Secondly, we have that unique heritage of having designed 64 Ferraris, 700 cars, 120 show cars, and we are very well respected. The Cisitalia was the first car which went into the permanent exhibit of The Museum of Modern Art. So I think that’s a very strong asset we have. The third asset we want to own is driving characteristics and performance. At the end we might not be the strongest by four or five horsepower, but that’s not relevant. It’s how you can apply the power to a day-to-day use.
And then lastly we want to also be among the best in the connectivity space. So when you come to your car it has intuitive-to-use, easy-to-integrate technologies—because that’s one of the critical elements for the next generation. So that combination of ingredients heritage, design, aesthetics, with performance and connectivity—if you put them together are quite unique. I always say it’s like a Michelin star chef: he goes to the same vegetable market as the normal restaurant. But the application of the ingredients by the magician, like my [Design Director] Luca Bergogno, they create a very unique three-star dish.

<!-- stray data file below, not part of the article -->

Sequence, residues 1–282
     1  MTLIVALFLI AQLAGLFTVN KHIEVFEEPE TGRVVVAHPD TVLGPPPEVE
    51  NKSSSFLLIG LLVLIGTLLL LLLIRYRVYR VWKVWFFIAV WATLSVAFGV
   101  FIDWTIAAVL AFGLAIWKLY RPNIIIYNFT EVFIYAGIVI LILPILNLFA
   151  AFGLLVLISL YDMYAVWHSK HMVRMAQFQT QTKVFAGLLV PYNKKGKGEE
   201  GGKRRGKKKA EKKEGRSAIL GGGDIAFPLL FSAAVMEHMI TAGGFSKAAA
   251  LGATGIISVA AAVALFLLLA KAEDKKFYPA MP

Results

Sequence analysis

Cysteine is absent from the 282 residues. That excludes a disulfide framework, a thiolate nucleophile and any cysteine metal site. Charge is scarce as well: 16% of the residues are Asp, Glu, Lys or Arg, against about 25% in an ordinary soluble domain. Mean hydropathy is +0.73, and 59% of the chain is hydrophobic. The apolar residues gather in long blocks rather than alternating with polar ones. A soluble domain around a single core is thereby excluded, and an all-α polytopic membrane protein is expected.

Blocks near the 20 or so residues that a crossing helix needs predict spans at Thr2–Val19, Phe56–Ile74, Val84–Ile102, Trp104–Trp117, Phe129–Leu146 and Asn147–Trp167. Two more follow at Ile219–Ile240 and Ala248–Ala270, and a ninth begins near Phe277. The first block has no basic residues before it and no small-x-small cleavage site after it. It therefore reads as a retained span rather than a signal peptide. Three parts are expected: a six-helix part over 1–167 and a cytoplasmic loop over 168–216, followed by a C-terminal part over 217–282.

Pininfarina can hang its hat on aesthetics and design. But what you’ve never done is manufacturing. What do you tell investors to make them confident your team can bring a fleet of cars into production?
So I think there’re different levels. The Battista is going to be produced here, in a combined team of Automobili Pininfarina and Pininfarina. We have in the group already the capabilities of small scale, very unique series. And we’re here in Italy around terrain where you have a lot of these small shops, coach builders, leather companies, who can provide all the ingredients.